thanks Barbie, I needed that
From Mark Davis on the smash hit movie Barbie. He’s quoting the Barbie Soliloquy at the end of the movie spoken by “Gloria, a Mattel employee helping Barbie navigate the real world”:
You have to be a boss, but you can’t be mean. You have to lead, but you can’t squash other people’s ideas. You’re supposed to love being a mother, but don’t talk about your kids all the damn time. You have to be a career woman, but also always be looking out for other people.”
Then the crescendo: “But you have to never get old, never be rude, never show off, never be selfish, never fall down, never fail, never show fear, never get out of line. It’s too hard! It’s too contradictory and nobody gives you a medal or says thank you! And it turns out in fact that not only are you doing everything wrong, but also everything is your fault!”
So Mark continues: “As the teen girls, grandmothers and every generation in between burst into applause around me, I took a moment to process.”
Well yes, here we are, 230 years since First Feminist Mary Wollstonecraft and her Vindication of the Rights of Woman published in 1792. And now women are saying it’s Too Hard.
It’s really hard to live the roles of a woman and live the roles of a man as well. In fact, I’d say, it’s stupid. But the patriarchy!
Yes, what do we really mean when we say, with the feminists, that women have been oppressed? Since the Dawn of Time. By the Patriarchy.
Let’s just rehearse how chimpanzees, our closest animal relatives, live. From Before the Dawn by Nicholas Wade. The males patrol the border of the troop’s territory, and the females have babies and look after them. The size of the territory is significant, because it relates to the food supply, because the more territory, the more food, the more babies and, hopefully, the more baby chimps grow up to maturity.
The fact is that the same applied to humans until the day before yesterday, in our pre-industrial society. Your band, or tribe, or duchy, or empire, had to have enough food-growing land to keep everyone alive and to rear the next generation. And it had to defend that land from other bands, tribes, dukes, emperors that might like to add your food-growing land to their food-growing land.
So, while the women had the babies and fed them, the men were needed to defend the border from invaders: Huns Mongols, Vikings, Normans, you name it. And if you weren’t able to defend your border, you disappeared from history. Hello native Americans and Aztecs and all the ships at sea. But the patriarchy.
Actually things weren’t quite as simple as that, because while women had always planted and tended gardens, the advent of agriculture and plowing meant that men had to do the plowing, because women weren’t strong enough to manage a horse and plow, and anyway, they tended to get miscarriages when plowing-while-pregnant. But the patriarchy.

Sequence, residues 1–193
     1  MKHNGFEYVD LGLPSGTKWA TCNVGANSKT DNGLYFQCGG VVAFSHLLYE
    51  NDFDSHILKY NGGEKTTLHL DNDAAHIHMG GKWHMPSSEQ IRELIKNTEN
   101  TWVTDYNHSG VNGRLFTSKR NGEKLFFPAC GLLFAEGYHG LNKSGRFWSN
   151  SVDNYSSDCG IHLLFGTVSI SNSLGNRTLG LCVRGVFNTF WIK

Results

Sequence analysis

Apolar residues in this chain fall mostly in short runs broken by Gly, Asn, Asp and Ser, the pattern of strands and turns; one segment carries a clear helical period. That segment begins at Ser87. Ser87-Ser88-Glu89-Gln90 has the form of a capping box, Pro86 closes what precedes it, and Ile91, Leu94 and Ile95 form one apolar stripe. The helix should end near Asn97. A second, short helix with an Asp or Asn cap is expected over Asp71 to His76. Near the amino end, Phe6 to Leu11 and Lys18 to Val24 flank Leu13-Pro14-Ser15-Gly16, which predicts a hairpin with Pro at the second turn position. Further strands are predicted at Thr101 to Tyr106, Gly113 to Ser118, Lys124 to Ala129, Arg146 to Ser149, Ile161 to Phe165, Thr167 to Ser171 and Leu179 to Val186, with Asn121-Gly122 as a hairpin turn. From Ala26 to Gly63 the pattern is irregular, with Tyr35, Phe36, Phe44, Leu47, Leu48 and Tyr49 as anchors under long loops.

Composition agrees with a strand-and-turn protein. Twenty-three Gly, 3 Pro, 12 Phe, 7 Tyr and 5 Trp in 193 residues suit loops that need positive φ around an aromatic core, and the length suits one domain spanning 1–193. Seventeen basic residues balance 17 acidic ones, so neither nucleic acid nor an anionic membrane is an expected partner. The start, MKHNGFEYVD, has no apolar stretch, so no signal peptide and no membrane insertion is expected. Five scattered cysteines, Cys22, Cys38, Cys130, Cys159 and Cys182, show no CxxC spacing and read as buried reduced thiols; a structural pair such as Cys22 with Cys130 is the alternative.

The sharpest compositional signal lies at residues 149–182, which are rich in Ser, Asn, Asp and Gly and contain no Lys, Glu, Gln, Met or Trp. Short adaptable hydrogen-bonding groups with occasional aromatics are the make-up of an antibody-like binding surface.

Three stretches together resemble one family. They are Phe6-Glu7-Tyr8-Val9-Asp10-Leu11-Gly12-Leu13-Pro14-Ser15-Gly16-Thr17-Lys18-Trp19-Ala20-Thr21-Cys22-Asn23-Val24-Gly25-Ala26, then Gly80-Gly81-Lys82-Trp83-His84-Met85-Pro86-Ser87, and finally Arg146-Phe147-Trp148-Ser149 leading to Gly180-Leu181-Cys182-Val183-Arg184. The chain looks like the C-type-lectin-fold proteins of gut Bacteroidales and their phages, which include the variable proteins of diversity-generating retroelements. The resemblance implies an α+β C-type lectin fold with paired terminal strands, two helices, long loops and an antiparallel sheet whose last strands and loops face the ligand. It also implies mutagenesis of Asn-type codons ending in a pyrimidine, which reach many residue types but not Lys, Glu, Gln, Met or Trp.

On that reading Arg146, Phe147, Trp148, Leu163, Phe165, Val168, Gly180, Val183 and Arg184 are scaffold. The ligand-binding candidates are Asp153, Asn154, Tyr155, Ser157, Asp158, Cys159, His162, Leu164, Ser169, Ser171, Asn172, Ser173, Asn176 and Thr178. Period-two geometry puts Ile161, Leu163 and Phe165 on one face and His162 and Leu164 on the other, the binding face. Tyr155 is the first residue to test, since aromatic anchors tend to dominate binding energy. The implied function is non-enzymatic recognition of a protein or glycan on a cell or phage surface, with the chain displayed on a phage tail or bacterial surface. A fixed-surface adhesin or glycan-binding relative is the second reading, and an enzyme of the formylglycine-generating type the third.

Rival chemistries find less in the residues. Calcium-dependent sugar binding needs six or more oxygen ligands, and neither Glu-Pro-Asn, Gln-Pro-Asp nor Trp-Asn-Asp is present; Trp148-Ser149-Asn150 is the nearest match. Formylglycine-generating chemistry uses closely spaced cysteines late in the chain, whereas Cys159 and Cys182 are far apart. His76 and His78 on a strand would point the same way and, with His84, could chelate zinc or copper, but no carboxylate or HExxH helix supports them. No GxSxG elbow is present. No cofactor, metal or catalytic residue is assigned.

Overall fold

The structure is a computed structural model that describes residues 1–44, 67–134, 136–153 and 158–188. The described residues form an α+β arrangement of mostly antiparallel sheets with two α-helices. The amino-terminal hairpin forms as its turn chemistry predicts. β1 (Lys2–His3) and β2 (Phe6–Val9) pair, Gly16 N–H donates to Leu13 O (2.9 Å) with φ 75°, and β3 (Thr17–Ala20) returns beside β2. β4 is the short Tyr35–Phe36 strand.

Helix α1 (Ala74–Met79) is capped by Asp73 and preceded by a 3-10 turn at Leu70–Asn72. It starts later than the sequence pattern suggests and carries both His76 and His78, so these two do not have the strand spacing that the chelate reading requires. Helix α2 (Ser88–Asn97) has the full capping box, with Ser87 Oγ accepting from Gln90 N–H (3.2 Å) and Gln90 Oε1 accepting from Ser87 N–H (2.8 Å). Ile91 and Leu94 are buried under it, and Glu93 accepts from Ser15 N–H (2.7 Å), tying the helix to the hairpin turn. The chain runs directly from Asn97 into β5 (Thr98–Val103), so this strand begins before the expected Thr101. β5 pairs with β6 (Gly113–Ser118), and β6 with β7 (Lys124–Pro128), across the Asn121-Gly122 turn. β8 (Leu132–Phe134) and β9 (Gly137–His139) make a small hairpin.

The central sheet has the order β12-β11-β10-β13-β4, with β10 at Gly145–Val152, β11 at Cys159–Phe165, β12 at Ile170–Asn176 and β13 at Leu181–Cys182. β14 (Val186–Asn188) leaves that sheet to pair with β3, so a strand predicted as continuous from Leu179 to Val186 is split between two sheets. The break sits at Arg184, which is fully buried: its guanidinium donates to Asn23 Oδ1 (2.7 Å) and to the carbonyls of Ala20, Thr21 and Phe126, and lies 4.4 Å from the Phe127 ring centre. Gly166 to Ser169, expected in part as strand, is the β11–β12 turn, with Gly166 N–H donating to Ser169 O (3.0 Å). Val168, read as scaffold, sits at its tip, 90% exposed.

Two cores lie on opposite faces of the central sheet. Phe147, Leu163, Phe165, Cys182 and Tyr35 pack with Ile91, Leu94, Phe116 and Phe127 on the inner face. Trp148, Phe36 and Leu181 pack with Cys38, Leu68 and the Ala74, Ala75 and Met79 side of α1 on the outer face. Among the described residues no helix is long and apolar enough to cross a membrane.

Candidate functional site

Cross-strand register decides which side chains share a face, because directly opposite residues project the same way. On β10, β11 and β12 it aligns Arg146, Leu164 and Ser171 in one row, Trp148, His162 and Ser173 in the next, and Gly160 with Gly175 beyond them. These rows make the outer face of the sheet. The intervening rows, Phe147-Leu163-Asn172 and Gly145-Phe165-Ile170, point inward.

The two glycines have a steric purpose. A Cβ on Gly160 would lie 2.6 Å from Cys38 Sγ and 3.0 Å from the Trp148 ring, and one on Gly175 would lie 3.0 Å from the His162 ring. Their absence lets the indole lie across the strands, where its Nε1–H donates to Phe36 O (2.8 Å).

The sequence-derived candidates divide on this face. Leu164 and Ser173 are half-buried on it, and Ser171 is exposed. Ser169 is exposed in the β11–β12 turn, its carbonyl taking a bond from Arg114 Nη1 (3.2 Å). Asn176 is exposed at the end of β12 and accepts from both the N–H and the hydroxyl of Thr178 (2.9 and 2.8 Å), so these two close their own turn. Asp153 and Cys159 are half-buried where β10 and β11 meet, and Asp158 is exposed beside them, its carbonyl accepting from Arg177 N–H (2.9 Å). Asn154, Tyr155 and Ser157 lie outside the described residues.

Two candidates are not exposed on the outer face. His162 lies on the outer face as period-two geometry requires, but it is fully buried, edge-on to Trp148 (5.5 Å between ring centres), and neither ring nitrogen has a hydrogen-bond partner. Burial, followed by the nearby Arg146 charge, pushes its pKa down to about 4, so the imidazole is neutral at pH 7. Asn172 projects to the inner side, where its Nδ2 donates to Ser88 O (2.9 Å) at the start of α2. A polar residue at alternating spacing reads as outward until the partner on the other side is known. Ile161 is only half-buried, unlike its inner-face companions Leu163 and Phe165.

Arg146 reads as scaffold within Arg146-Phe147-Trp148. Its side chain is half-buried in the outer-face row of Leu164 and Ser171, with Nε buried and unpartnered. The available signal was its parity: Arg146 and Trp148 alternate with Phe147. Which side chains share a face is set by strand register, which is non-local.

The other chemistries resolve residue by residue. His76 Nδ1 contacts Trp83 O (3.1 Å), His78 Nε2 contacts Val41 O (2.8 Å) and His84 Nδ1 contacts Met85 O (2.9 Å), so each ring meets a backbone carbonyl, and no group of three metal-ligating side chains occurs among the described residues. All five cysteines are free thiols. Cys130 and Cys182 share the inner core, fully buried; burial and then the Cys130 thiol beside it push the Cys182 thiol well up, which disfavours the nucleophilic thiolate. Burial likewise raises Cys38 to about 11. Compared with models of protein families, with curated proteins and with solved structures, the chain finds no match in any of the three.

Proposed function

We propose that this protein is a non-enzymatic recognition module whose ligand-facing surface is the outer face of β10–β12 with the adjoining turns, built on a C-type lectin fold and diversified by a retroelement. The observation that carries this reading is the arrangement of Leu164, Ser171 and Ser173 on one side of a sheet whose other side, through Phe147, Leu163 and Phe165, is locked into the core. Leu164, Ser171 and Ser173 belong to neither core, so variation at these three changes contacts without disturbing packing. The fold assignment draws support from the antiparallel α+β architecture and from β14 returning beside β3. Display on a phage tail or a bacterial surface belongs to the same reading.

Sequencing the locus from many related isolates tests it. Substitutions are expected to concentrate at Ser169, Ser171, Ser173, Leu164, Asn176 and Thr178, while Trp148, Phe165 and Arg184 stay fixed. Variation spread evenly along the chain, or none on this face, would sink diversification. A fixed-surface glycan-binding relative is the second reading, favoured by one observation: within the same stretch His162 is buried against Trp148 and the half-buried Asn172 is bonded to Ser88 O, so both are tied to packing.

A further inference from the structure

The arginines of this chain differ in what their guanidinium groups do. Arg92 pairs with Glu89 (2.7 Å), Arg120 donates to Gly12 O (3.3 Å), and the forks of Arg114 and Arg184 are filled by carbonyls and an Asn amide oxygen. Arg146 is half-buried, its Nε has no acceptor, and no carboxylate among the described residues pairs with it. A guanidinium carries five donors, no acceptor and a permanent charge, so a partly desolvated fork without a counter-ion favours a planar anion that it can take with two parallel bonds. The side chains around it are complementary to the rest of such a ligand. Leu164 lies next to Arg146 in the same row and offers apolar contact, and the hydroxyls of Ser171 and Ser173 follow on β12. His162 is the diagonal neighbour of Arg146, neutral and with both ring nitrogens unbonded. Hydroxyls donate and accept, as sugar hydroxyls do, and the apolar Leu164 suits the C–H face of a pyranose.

Actually, I get it. From the outside the life of men seems pretty cool. Powerful leaders, rich successful businessmen, handsome movie stars. Explorers, scientists, philosophers. How Dare men grab all that stuff for themselves! No doubt, but did you know that them word “career” comes from the French “carrière” which means racetrack? As in round and round the mulberry bush.
Now, I think that sports and careers for men is actually brilliant. It takes the male instincts for war and combat — the necessary skills for defending the border — and diverts them into safe and constructive channels. Brilliant, as the Brits say. But sports and careers for women is a horse of a rather different color. Not that it’s impossible, but that it doesn’t come quite as naturally as for men.
So it is not surprising that women come to complain about the heavy load of being wives and mothers and also corporate careerists. “It’s too hard,” as Gloria says in the quote above, and “everything is your fault.”
“I’m so exhausted.” That’s the other line I hear.
Yeah. If you consider that primates appeared about 55 million years ago, and humans and chimpanzees diverged over 6 million years ago, and agriculture began about 12,000 years ago, and the industrial revolution about 200 years ago, I’d say it would be rather foolish to imagine that human women, that have been doing things like having babies and feeding them Since the Dawn, could, just like that, step into instinctive male roles that go back millions of years.
If I tried something like that I would feel exhausted. Although I would not complain about it, because I am a man.
And I also understand that, as a man, everything is my fault. That is the meaning of “responsibility.” If something goes wrong, it is your fault. But the grass is greener on the other side.
But there is another matter with respect to the rights of women. The feminist movement, beginning not least with Mary Wollstonecraft, is a movement of educated women. No doubt educated women want to live a more creative life than the very creative and necessary life of bearing and raising children. But whatabout the rest of womankind?
Have the educated women ever asked the women of the ordinary middle class what they thought? Whether they were oppressed by the patriarchy? Whether they wanted careers? Any ideas? Bueller? Anyone?
And whatabout lower class women? Have the educated women ever asked lower class women what they wanted? Any ideas? Bueller? Anyone?
Do you now understand why I say that our modern educated class is the most conceited and unjust ruling class in history? Because they have no clue, except what they want for themselves. And that goes for educated-class women. In spades.